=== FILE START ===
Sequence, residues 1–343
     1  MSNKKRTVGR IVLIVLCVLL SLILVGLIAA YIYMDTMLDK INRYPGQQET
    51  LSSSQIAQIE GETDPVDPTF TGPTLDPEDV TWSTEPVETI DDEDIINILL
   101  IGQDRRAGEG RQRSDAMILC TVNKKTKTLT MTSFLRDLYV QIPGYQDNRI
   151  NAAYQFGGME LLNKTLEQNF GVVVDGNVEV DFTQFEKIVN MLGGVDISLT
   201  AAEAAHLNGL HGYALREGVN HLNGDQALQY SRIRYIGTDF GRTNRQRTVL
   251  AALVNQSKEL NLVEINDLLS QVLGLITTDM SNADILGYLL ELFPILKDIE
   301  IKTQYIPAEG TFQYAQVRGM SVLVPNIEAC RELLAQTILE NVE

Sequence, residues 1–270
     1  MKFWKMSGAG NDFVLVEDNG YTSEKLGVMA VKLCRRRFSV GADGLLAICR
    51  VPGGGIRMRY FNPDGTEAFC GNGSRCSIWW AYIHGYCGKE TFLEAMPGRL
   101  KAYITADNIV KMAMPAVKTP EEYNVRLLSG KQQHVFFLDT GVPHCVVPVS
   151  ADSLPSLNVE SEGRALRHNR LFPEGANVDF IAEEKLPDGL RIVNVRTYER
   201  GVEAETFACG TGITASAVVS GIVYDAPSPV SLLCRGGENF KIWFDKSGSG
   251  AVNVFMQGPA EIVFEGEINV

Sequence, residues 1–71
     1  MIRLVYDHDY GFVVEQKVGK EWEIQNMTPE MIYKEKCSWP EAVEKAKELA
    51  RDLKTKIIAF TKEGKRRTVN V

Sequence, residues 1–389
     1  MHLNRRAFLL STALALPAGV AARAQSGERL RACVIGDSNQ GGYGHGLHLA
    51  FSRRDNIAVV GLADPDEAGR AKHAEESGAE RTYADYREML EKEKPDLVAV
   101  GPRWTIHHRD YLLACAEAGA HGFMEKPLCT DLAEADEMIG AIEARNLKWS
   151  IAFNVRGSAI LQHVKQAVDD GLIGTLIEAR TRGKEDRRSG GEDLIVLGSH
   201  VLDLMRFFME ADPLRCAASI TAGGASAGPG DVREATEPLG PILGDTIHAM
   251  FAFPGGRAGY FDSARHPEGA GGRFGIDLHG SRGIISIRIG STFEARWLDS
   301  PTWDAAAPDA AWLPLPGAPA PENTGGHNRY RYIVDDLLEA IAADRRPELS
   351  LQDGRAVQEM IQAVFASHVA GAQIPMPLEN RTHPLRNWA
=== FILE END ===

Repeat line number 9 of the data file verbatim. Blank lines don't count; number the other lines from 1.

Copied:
Sequence, residues 1–270